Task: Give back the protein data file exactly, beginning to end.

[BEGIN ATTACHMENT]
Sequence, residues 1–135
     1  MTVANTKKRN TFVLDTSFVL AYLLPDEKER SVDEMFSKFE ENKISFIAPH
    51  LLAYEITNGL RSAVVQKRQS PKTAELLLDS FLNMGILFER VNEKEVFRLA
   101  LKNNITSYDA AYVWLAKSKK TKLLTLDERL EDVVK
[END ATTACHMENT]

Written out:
Sequence, residues 1–135
     1  MTVANTKKRN TFVLDTSFVL AYLLPDEKER SVDEMFSKFE ENKISFIAPH
    51  LLAYEITNGL RSAVVQKRQS PKTAELLLDS FLNMGILFER VNEKEVFRLA
   101  LKNNITSYDA AYVWLAKSKK TKLLTLDERL EDVVK